I’ve had the pleasure of visiting the Barossa region twice in as many months. My first visit was with friends to sample the best winemakers of the area, the second with South Australia Tourism to experience a handful of highlights the state has to offer. Personally I think the wine is enough of a drawcard to make a weekend trip to South Australia, however I was very impressed with the food and nightlife offered by Adelaide, which has matured dramatically in the past five years with an explosion of cultural destinations.
Our visit started off with a bang as we headed straight to the corner of King William St and North Terrace, and took a lift to the roof for lunch at 2KW Bar and Restaurant. The aesthetically on point 2KW is one of the cities pre-eminent dining destinations. Chef Nick Finn has created a sophisticated but approachable modern Australian menu with a diverse wine list promoting the best winemakers in area. I must make special mention of the Sardines on toast with Orange and parsley gremolata, a simple but utterly delicious entree. If you’re in the city on a Sunday, I suggest going for lunch followed by afternoon cocktails to enjoy the live music and excellent view from the garden terrace. Whilst in town we also visited Street ADL, another take on Australian cuisine, albeit a slightly more adventurous one. The restaurant was absolutely packed with punters enjoying true Aussie fare such as Kangaroo and Crocodile hotdogs, Mulloway ceviche and grilled Lamb with fresh cooked donut balls to finish.
Since the Government decided to revive the small bar scene in Adelaide, there has been around 30 small-bar licences handed out, with many more to come. Suffice to say the scene is thriving, even on a Sunday night. We took a stroll down Peel St’s faux subway tunnel to sample a couple of the area’s most popular night spots, all within a stones throw of each other. Maybe Mae is a dimly lit basement bar with a lively vibe and adventurous cocktail list, hidden below hipster eatery Bread and Bone. Up stairs, Clever Little Tailor, a cozy colonial style bar offers tasty bites, local beers and leather booths while Chihuahua Bar, opposite, touts Mexican themed cocktails and food. There’s a refreshing positivity to the Peel St, a small community of business owners encouraging Adelaidians to socialise and be merry – a lovely change from the woeful Sydney scene.
Those familiar with wines from the Barossa region will recall ‘big’ characteristics; rich colours, intense tannins and high alcohol content. While there’s no arguing that such characteristics define the area, there’s a plethora of world class winemakers producing everything from Reisling to Shiraz as well as interesting varietals like Savagnin, Mourvedre and Montepulciano.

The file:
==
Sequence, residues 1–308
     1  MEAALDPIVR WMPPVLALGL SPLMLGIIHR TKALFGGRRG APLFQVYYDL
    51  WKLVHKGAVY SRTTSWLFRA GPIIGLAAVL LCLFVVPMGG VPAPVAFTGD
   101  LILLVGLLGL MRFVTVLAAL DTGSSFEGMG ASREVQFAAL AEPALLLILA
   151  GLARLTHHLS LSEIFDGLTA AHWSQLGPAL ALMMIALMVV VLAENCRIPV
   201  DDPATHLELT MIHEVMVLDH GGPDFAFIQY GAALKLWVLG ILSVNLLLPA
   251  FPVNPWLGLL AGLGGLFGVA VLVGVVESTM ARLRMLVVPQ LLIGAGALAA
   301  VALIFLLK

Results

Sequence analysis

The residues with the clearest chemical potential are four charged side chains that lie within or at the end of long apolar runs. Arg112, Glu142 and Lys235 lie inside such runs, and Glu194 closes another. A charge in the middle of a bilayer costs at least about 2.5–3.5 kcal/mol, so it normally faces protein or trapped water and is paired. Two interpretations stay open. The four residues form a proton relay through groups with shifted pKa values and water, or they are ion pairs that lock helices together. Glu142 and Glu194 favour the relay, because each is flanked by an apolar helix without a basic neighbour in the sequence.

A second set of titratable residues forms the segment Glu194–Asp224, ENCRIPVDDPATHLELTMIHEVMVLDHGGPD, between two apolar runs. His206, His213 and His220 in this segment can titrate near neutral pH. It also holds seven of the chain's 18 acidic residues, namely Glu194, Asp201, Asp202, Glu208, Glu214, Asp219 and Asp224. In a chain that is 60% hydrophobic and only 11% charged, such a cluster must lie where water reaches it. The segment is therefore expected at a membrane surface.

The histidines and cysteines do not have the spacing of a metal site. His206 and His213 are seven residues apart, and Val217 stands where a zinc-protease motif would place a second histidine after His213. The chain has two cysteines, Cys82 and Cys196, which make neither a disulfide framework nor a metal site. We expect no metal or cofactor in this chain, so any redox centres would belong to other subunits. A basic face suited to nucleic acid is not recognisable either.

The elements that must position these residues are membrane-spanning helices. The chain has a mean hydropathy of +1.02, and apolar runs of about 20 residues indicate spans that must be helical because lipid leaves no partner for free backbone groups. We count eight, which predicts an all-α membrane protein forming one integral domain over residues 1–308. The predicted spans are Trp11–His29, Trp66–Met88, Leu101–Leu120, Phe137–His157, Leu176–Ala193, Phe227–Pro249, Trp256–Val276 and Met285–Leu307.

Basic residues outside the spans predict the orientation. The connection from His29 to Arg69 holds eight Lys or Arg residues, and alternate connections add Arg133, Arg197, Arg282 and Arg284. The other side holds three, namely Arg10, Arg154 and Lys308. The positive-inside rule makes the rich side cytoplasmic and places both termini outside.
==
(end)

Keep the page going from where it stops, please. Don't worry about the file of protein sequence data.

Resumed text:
Picture perfect Hentley Farm was voted 2015’s winery of the year so it’s not a surprise that most of the wines at their cellar door, Clos Otto especially, are sold out. Regardless of this, the cellar door is lovely, and their range is exceptionally strong. Around the corner from Hentley Farm, Greenock Creek are producing huge Barossa reds, the Seven Acre Shiraz is a personal favourite and an exceptional example of the iconic region’s style. If you’re a fan of Greenock Creek wines, I suggest dropping into see Joe at Ballycroft Vineyard who used to be head winemaker at Greenock and also Rockford. His humble operation is truly boutique, and self sustainable, producing wines that should have price tags well above his RRP.
Unfortunately we mistimed our visit to Henschke (they’re only open from 9-12 on a Saturday and closed on Sunday) so headed straight to Rockford to taste the latest Basket Press release but walked out with their extremely good Rod and Spur Shiraz Cabernet. One of my favourite tastings in the area is at Charles Melton, next to the open fire. Whilst Melton is most famous for their Nine Popes release it was the $22 GSM that I took a shining to, leaving with a two bottles and what will probably end up being a life long relationship with the winemaker. I also wanted to note some of the interesting wines emerging from Damien Tscharke, the champion of non-mainstream rape varieties.
Tasting wines all day requires a solid breakfast, followed by an even more substantial lunch. If you’re staying in the area the Barossa Farmers Market is a great place to start the day with local butchers, bakers and cheese makers retailing quality local produce. Once you’ve visited a few wineries and built up your appetite there’s a handful of excellent lunch spots to choose from. I’ve eaten lunch at Vintner’s Bar and Grill and Harvest Kitchen (at Artisans of Barossa).
Vintner’s is more of a fine dining affair with a very good wine list (as you’d expect), whilst Harvest Kitchen focuses around smaller tasting plates, giving you the chance to eat like a local and sample wines from one of the seven producers that use the venue as their cellar door. If you’re looking for a day trip or tour from Adelaide I’d recommend dropping Ralf Hadzic from Life Is A Cabernet a message. He has an intimate knowledge of the area and a fleet of luxury vehicles to suit groups of all sizes.
Whilst I was disappointed not to stay at Adelaide’s latest and greatest hotel ‘The Mayfair’, I was pleasantly surprised the choice of hotels in Adelaide and our eventual digs at Crowne Plaza. There’s plenty of quality options, and more to come, as the city plans to accommodate the ever growing crowd that flock to the capital for the annual Santos Tour Down Under cycling race.
With world class wine, a bustling bar scene and excellent dining options I see no reason why Adelaide won’t begin to tempt travellers away from destinations like Brisbane, Melbourne and Sydney. If you’re yet to visit Adelaide I suggest you add it to the bucket list.
For more info or holiday planning tips visit SATC.